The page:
Fiction Book Review: Daisy Jones & the Six by Taylor Jenkins Reid
Daisy Jones & the Six by Taylor Jenkins Reid
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Overview: The Six was a band started by two brothers that eventually grew to include another pair of brothers, a drummer, and a keyboardist. And together, led by Billy Dunne, they were good. Good enough to get enough attention to be flown out to LA to sign to a record label.
Daisy Jones was born into the glamorous Hollywood life but to distant, self absorbed parents. She soaked up the world of the Sunset Strip, though, and all the drugs and rock 'n roll that came with it. Both effortlessly beautiful and vocally talented, she easily scored a recording contract, but she only really wanted the one thing that didn't come perfectly naturally - to be a revered songwriter. Still, Daisy Jones was good too.
But then Runner Records, who had signed both the Six and Daisy Jones, made them great when they threw both acts on a billing together. And Daisy Jones & the Six was born, ready to, as most icons do, rise fast and flame out early. This is the story of how it happened. Overall: 5+
Characters: 5 There's a lot of spinning plates with this cast. Beyond seven band members to consider, there's Billy's wife, kids, journalists who encountered them, biographers, and record executives that all make cameos in the book. Billy and Daisy are the two main characters in life, but in the book, the formatting prevents them from stealing center stage all the time. The story is told in interview transcripts that intertwine pieces of everyone's stories so that up to ten people get to directly share their perspectives on what happened. Many of the character's lives revolved around Daisy and Billy, but their stories were never overshadowed in the book's retelling.
Daisy Jones is the classic "It-Girl". Beautiful and miserable and always high and to some people, beyond help. Daisy has always had it easy in the looks, money, and talent departments, and to someone like Billy who had to fight tooth and nail to get into the industry, it often looks like she's squandering those gifts. Daisy Jones is not terribly accustomed to working for things, and she's often the first person to stand in the way of her own success. Yes, it's a product of the way she was raised, but it's become a part of her personality nonetheless. Daisy's best friend and protector of sorts since she was young, Simone, makes many appearances throughout the book to give another point of view on Daisy's frequent spirals out of control and does represent a very honest love in Daisy's life - possibly her only. Daisy is a character, though, as doomed as she might seem at times, who is there for growth in the longterm and even in her worst moments remains compelling.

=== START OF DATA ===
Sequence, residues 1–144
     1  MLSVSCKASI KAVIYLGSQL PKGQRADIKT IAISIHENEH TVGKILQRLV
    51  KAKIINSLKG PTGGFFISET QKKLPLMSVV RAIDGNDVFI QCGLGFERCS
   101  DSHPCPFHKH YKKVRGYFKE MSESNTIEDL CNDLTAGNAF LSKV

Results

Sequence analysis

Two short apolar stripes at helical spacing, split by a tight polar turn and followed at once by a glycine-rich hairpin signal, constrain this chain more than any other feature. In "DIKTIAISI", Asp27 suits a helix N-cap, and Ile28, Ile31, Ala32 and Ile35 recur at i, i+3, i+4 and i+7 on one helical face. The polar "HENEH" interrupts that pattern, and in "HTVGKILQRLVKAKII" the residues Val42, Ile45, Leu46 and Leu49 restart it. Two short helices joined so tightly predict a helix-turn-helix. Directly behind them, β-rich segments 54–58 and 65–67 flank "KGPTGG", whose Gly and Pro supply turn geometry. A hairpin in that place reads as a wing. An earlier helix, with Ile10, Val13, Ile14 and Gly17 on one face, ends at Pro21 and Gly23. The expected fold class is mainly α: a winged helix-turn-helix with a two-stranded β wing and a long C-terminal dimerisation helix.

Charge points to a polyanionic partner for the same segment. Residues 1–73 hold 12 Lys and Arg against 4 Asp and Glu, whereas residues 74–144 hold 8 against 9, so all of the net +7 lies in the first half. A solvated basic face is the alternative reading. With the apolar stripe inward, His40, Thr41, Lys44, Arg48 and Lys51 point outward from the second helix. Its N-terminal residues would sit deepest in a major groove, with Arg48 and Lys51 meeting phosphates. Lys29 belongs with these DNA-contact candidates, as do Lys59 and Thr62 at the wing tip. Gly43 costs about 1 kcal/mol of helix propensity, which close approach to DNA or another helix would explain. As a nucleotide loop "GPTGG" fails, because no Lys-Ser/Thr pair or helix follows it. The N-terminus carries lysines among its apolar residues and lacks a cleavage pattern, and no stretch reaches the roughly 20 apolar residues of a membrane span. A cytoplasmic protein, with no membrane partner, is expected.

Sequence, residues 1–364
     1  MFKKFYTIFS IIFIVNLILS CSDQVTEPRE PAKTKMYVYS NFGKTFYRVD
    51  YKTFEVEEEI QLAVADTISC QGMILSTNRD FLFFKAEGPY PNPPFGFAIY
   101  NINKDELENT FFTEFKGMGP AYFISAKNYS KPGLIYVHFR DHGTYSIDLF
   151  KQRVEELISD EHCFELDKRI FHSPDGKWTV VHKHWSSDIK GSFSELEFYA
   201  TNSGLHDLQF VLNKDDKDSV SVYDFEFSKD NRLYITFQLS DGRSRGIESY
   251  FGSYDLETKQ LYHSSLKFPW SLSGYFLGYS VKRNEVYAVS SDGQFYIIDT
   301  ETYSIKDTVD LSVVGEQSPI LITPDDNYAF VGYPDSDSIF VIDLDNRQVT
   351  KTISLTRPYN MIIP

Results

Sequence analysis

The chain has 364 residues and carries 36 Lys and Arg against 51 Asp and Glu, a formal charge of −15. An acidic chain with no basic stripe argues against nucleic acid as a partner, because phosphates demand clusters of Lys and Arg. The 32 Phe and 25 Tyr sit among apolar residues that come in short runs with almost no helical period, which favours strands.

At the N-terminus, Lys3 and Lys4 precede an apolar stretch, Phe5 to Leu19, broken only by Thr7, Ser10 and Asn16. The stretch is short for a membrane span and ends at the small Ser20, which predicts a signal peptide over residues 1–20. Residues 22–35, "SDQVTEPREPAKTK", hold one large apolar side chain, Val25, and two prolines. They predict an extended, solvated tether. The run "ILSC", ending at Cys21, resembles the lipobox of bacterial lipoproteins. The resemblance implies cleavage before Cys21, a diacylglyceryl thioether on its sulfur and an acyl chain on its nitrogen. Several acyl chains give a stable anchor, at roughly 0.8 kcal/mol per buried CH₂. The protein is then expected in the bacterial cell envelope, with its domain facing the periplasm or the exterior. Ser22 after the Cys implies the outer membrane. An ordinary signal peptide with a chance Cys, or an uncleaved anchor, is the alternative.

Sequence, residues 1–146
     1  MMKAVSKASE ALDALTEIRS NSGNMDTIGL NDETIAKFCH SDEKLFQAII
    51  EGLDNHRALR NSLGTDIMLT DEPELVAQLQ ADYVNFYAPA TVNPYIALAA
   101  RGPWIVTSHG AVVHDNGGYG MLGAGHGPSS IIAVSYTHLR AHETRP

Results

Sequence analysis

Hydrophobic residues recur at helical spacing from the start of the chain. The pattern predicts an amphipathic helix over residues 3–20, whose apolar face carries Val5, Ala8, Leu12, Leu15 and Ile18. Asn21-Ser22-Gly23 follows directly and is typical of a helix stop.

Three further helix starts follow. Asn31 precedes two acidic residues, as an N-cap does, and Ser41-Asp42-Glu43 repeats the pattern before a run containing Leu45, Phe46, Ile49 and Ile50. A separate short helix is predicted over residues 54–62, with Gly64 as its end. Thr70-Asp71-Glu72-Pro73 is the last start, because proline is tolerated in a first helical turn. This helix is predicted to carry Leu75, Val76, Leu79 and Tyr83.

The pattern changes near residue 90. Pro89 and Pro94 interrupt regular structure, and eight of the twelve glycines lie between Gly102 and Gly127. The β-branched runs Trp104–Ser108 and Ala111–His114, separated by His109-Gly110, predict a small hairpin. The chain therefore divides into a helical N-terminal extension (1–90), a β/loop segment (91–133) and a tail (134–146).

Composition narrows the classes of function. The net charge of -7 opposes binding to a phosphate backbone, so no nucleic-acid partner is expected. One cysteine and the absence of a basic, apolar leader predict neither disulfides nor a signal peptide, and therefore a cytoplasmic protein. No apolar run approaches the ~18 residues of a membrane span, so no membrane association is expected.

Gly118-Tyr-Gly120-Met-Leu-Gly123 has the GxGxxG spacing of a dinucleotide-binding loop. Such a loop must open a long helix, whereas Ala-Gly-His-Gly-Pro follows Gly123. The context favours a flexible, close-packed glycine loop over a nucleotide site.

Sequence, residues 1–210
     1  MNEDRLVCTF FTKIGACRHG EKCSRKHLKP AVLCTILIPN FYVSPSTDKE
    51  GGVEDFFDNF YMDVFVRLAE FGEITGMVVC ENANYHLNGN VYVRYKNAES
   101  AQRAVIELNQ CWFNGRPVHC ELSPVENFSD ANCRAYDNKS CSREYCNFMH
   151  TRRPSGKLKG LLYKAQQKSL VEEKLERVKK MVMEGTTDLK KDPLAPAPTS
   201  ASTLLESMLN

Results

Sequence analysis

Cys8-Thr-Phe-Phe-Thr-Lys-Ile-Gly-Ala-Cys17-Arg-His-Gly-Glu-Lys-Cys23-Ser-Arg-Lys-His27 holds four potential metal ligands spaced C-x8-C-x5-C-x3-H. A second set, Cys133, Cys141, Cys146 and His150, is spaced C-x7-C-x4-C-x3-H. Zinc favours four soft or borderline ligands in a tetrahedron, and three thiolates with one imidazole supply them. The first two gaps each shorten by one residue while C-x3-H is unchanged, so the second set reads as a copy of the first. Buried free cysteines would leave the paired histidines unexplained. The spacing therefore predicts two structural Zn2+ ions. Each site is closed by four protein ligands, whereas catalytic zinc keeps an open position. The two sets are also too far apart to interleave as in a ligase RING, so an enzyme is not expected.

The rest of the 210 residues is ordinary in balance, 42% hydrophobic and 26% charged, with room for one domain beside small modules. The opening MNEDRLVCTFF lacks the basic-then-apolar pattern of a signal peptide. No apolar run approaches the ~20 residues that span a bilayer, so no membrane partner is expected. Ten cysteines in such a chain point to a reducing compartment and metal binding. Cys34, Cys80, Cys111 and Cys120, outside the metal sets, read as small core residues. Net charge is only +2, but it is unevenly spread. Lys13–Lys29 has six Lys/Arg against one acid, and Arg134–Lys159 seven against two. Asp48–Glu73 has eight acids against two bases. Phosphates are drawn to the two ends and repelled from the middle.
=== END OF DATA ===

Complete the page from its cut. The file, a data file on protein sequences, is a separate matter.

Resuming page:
Billy Dunne is pretty sure the world revolves around him. Without a frontman, there's no show after all. But he's a control freak about every aspect of the records and doesn't ever feel the need to play well with others. In a six member band, he has the only vote that counts. Billy's story mainly centers on the struggle of being a married man who becomes a rockstar and a newly sober man who has to stay in a dangerous, drug-filled world for his career. His faith lies in his daughters and his wife, and that remains his anchor throughout the ups and downs of the book. He is as nuanced as Daisy, though they might as well be polar opposites. Daisy is the only one around strong-willed enough to push him into compromise. Camila, his wife, also shares her view of the rise of the band as an outsider there from the start. Her story is mostly one about being okay with an imperfect love and accepting that trust doesn't necessarily mean the expectation of a crystal clear life.